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FOR SALE: 1947 Cadillac Series 75 Sedan

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For affordable entry-level Full Classics, it's hard to beat vintage limousines, and there's probably no more sheetmetal for your dollar than this 1947 Cadillac Series 75 7-passenger sedan. It's massive, no doubt about that, and thanks to spending the past two-and-a-half decades in the service of a funeral home (with a matching restored hearse sibling!), it's in very good condition. I suspect a cosmetic restoration was probably done in the mid-80s, but the owner believes mileage of about 40,000 is authentic (the odometer stopped working about five years ago, although the speedo is functional). The paint and much of the chrome have been refinished and it looks quite good, with massive doors that fit well and a hood is just a bit taller than other passenger cars to keep things in proportion. There are, of course, a few signs of use and a tiny bit of orange peel in the shiny black paint, but it's hard to make a grander entrance than in 18 feet of vintage Cadillac limousine. It was frequently rented to other funeral homes around the Cleveland area, as apparently vintage car funerals were quite popular--who knew? It was retired about three years ago and the owner has decided to let it go simply because it's not getting as much exercise as he thinks it should. Sadly, the fender skirts were removed many years ago and are lost to the sands of time, but I've seen two sets on eBay in the last six months, so I suspect they will not be impossible to replace.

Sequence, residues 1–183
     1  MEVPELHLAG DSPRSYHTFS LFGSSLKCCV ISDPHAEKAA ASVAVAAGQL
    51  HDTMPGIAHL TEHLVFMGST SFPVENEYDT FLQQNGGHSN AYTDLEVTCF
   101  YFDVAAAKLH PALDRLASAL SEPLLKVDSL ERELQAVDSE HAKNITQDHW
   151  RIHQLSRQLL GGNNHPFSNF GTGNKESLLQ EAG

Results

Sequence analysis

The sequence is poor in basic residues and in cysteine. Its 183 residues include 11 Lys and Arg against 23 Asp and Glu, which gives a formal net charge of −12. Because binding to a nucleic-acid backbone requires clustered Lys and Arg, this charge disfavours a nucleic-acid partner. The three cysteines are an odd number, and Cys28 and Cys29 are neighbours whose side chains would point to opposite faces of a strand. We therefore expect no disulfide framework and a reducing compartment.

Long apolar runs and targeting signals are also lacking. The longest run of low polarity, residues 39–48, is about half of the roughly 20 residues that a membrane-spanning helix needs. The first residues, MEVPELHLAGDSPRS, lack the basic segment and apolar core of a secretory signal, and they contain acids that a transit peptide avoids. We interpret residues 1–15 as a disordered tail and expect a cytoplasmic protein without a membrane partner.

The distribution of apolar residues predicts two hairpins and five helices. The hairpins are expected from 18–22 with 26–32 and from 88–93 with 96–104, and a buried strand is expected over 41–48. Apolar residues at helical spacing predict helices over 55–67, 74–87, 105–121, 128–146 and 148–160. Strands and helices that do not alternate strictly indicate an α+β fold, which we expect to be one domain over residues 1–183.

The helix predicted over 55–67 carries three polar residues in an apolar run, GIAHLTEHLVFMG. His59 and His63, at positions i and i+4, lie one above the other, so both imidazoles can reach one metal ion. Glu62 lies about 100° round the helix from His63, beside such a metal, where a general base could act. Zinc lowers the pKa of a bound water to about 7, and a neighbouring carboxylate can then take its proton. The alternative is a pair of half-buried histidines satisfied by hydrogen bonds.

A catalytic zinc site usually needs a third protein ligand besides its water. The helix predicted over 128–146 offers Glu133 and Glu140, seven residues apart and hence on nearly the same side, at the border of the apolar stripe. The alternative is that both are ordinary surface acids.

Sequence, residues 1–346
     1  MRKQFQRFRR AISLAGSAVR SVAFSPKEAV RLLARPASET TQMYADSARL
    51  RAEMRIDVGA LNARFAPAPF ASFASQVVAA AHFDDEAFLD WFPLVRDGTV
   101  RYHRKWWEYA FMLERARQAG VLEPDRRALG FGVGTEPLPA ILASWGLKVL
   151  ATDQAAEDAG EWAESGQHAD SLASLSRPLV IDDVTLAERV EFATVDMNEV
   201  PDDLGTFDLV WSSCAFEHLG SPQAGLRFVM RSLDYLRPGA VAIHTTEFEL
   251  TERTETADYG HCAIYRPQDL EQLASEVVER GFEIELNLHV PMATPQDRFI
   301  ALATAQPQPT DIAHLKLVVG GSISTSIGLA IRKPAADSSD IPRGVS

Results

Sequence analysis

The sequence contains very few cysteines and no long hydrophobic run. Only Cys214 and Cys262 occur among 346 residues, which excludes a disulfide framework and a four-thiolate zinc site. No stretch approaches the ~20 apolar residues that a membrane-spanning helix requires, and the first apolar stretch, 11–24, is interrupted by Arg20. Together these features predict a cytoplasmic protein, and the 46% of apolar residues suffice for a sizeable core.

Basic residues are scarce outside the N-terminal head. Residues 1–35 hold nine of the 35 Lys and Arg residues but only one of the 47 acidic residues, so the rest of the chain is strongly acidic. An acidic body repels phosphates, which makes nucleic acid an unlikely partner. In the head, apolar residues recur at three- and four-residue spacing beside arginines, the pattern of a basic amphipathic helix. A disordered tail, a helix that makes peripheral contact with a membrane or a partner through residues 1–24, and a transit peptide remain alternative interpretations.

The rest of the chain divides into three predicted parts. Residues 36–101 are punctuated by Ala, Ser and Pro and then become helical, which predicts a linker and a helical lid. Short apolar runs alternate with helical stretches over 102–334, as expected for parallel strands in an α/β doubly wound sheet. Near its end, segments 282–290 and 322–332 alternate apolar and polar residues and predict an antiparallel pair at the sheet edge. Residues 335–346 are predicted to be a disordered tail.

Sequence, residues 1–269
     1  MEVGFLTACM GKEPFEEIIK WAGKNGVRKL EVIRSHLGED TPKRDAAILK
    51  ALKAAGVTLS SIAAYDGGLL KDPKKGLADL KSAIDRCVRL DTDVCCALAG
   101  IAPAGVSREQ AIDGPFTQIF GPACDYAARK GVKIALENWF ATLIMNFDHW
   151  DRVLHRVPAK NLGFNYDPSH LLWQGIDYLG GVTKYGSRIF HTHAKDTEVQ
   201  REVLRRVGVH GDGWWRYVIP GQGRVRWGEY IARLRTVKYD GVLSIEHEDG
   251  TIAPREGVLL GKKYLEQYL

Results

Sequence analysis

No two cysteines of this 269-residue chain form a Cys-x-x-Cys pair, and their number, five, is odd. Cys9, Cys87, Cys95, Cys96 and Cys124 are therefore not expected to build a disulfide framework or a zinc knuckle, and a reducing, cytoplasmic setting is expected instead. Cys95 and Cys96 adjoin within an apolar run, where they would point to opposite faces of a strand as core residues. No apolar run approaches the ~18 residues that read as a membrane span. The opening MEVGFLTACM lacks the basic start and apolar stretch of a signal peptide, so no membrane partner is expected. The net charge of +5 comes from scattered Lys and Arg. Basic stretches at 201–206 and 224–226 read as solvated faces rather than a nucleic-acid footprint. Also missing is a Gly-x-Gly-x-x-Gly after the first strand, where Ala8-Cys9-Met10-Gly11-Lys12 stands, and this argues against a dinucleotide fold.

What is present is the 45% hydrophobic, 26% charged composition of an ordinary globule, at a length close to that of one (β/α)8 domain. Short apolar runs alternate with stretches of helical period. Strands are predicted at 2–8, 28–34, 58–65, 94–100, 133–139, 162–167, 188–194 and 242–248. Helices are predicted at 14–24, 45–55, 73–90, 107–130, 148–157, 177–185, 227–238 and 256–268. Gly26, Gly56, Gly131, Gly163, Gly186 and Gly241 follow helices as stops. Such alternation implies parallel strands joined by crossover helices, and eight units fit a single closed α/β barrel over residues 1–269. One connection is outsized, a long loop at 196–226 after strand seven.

The interior was also nicely refinished in tan fabric that uses original-style stitching and patterns for a period-perfect look. There's minimal wear to the seating surfaces and the carpets remain in very good shape. That's real wood trim in the rear compartment and around the doors, and it's amazingly well preserved, although I think if it were mine, I'd get the linseed oil out and buff up a bit of a soft gloss on it. There are jump seats behind the driver's bench and the woodgrained dash was restored quite recently and looks great. I have to believe that the steering wheel was re-cast at some point because it's just too nice, but the gauges are original and in good shape, save for the temperature gauge which is not functioning and has been supplemented by a modern gauge under the dash. As usual, the clock and radio do not work, but everything else is ready to enjoy, including the power windows which were just serviced by Hydro-E-Lectric at great expense (new pump and all new cylinders in the doors).

Cadillac's 346 cubic inch flathead V8 was the only choice in '47 and with proper gearing the stately old sedan moves rather well. It's not fast by any means, but it has an inevitable feeling on the road, a feeling of power that is akin to a steamship and once it's up to speed, it cruises easily at 60 MPH without complaints and in almost eerie silence. The engine bay is pretty original and the owner does not believe the engine has ever been opened up, but he has maintained it properly over the years he's owned it--obviously reliability was paramount for its duties in funeral processions. It starts and runs very well with maybe a tiny exhaust leak on the manifolds that disappears once it warms up. A recent tune-up puts it in excellent driving condition and it was fitted with a brand new battery moments before I arrived to see it last week. It stayed cool idling for the photo shoot and the Hydra-Matic automatic shifts like it should and doesn't appear to be a major leaker (they all seep a little bit). I believe it has 3.77 gears out back, so it doesn't strain itself on the highway and it has been fitted with recent Diamondback Classic wide whitewall radials that ride and handle superbly.

This is a lot of car for the money and if you have a family, it's an awesome way to tour in first class. It's also quite reasonably priced for what was the second-most-expensive Cadillac in 1947. We're asking $32,900 and we're always open to reasonable offers. Thanks for looking!














Edited by Matt Harwood
SOLD! (see edit history)
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